Body modification and ornamentation can be found the world over. It has been used in rites of passage, spiritual rites, and to enhance beauty. The adornment of the body takes on many forms, such as body painting, hair styling, tattooing, scarification (decorative scarring), and piercing. The delivery of each culture’s customs regarding body modification and the symbolism found therein reveals a lot about the people’s philosophy and social standards.
Piercing a hole through the skin and inserting metal, bone, shells, ivory, or glass is a popular type of body adornment. Among many Aboriginal tribes it served as a rite of passage, a sign of adulthood, and of full membership in a tribe. Roman centurions pierced their nipples to advertise their courage and virility. In ancient Egypt, a pierced navel was a sign of royalty. In ninth century Iraq, men pierced their ears. Women in Iran had multiple ear piercings over 4000 years ago. In modern times, piercing various parts of the body is commonplace and accepted generally by society.
Ear spools and earplugs are making a comeback in fringe elements of present-day society. These large holes (up to 3cm in diameter) in the ears bear a remarkable resemblance to those worn by the ancient Maya and other ancient South American peoples. Stretching the earlobes up to a dozen centimeters by wearing heavy earrings was thought beautiful in sixteenth century China as well as in present-day Borneo. Lip piercing defined the social status of Inuit groups in Alaska up until the late nineteenth century. Both m en and women wear lip plugs called labrets. Nose rings, located through the side or through the septum of the nose could be found in ancient Mexico and India. Nose rings remain popular in India and Pakistan and are gaining popularity in North America and Europe.
Tattoos can be traced back 4000 years to Egyptians, who made them by puncturing the skin with a sharp needle. Polynesians, Maoris, Maya, Incas, Celts, Danes, Saxons, and Scots also tattooed their bodies to indicate their job, their marital status, or to memorialize battles, journeys, visions, or status as part of a clan or caste. Tattoos developed into an art form that sometimes covered the entire body in eighteenth century Japan. Samoans got lower body tattoos purely for fashion reasons and anyone who was not tattooed often faced daily criticism! The Maoris tattooed their faces by cutting a pattern into their skin with a bone and placing ink into the cuts. Some cultures forbid tattooing. Jews and Rastafarians are two groups that prohibit markings on the skin.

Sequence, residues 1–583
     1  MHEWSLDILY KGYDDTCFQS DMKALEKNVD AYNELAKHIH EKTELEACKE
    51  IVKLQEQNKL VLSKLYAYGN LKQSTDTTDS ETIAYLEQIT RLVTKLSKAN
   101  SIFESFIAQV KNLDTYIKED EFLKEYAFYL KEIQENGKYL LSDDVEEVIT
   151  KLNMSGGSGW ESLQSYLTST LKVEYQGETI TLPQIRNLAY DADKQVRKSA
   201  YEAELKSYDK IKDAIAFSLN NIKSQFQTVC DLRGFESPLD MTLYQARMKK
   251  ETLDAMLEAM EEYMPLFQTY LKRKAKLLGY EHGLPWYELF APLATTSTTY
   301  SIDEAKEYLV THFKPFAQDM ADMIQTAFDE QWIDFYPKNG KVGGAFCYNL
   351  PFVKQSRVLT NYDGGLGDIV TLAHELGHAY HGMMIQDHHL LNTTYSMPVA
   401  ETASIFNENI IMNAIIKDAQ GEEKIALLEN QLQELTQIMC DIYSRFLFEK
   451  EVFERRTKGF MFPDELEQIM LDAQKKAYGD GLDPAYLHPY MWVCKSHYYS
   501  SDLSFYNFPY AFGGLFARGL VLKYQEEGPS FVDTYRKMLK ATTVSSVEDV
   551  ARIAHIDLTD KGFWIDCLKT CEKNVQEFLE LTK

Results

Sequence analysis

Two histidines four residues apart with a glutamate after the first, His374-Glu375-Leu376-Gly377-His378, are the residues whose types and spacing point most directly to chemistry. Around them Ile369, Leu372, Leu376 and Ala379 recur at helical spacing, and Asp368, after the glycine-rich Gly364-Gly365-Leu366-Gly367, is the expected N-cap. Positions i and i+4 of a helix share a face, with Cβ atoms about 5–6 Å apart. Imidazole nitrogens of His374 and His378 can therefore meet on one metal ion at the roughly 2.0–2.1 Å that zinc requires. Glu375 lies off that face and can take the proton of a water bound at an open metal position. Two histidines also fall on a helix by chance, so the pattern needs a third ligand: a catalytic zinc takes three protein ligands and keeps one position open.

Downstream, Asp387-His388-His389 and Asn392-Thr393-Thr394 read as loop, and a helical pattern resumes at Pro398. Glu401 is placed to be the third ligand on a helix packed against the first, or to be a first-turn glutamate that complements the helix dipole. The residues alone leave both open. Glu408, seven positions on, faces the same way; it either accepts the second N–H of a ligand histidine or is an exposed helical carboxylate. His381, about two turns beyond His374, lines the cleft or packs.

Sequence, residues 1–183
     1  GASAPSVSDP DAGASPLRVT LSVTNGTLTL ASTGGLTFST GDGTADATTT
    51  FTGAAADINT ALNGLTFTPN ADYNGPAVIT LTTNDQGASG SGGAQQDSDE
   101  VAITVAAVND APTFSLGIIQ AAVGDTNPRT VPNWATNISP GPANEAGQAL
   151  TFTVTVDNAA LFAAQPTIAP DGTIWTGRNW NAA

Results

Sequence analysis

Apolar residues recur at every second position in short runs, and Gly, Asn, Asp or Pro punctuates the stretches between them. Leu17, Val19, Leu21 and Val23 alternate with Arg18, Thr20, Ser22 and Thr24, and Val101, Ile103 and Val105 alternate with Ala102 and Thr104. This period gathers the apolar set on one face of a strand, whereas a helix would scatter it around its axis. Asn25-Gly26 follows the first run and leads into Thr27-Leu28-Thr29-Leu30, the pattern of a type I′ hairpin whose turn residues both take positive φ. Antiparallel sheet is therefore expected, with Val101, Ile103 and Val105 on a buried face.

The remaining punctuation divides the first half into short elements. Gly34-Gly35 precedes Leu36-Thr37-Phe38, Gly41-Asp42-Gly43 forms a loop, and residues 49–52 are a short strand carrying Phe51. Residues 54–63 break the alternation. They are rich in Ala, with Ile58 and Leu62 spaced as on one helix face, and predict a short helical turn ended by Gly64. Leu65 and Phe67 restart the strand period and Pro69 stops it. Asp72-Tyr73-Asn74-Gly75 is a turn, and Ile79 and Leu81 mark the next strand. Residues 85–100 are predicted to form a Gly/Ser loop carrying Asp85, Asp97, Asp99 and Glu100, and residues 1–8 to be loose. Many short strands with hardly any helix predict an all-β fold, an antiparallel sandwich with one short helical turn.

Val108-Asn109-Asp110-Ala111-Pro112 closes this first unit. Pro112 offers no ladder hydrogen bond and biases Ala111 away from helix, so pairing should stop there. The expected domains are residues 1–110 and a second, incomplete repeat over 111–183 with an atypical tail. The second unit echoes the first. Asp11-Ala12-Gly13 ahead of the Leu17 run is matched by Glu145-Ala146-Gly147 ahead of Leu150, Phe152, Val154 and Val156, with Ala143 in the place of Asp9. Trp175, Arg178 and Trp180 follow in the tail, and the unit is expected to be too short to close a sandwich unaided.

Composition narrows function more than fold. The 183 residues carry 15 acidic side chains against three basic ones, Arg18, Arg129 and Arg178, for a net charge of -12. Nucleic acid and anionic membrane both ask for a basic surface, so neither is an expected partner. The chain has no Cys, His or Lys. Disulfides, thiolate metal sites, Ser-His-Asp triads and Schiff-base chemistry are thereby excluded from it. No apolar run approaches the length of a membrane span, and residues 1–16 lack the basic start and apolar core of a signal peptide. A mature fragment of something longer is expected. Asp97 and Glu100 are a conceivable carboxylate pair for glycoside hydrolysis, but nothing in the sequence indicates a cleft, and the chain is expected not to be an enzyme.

Scarification is an age-old practice that continues in some parts of Africa. Some women, when they reach puberty, are scarred in elaborate patterns. Small cuts are made on the face that leave permanent raised patterns. These marks are considered very beautiful. Other women get the marks to indicate the number of children.
REASONS FOR BODY MODIFICATION
In traditional societies, ritual body modification practices connected people and their bodies to long-established cultural and social positions. In the industrialized West, body modification seems to serve the function of expressing creativity. Body piercing, tattooing, scarification, and even branding are becoming more common in contemporary society. What was once considered “gross” and perverted is now becoming more of an individual fashion statement.
MALE AND FEMALE DIFFERENCES
Recent studies on tattoos and body piercings revealed that men tend to get tattooed in a visible place (their arms), while a greater number of women have their tattoos hidden on more private body sites. An equal number of men and women report having mouth and nipple piercings. More women have nose piercings and more men reported genital piercings. As for the reasons why they got tattooed or pierced, men reported that it was for both personal and symbolic reasons, often to identify themselves with a particular group. Women, on the other hand, more often said that their body modifications were to establish personal uniqueness.